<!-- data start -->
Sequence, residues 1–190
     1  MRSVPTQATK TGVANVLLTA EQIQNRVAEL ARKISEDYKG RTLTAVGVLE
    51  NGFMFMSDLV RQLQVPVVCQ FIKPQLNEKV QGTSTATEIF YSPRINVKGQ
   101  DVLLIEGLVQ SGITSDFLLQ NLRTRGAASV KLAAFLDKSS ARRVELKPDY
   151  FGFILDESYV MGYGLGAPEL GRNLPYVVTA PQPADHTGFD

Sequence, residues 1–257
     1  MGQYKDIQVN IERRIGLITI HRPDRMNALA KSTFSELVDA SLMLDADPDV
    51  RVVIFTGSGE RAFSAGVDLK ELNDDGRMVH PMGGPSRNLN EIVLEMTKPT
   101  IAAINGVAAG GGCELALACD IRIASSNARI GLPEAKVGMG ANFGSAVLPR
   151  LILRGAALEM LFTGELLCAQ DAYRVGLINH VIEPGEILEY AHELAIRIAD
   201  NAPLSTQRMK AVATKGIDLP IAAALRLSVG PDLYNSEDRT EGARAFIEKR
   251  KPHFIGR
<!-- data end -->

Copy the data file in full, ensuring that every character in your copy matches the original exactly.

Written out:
Sequence, residues 1–190
     1  MRSVPTQATK TGVANVLLTA EQIQNRVAEL ARKISEDYKG RTLTAVGVLE
    51  NGFMFMSDLV RQLQVPVVCQ FIKPQLNEKV QGTSTATEIF YSPRINVKGQ
   101  DVLLIEGLVQ SGITSDFLLQ NLRTRGAASV KLAAFLDKSS ARRVELKPDY
   151  FGFILDESYV MGYGLGAPEL GRNLPYVVTA PQPADHTGFD

Sequence, residues 1–257
     1  MGQYKDIQVN IERRIGLITI HRPDRMNALA KSTFSELVDA SLMLDADPDV
    51  RVVIFTGSGE RAFSAGVDLK ELNDDGRMVH PMGGPSRNLN EIVLEMTKPT
   101  IAAINGVAAG GGCELALACD IRIASSNARI GLPEAKVGMG ANFGSAVLPR
   151  LILRGAALEM LFTGELLCAQ DAYRVGLINH VIEPGEILEY AHELAIRIAD
   201  NAPLSTQRMK AVATKGIDLP IAAALRLSVG PDLYNSEDRT EGARAFIEKR
   251  KPHFIGR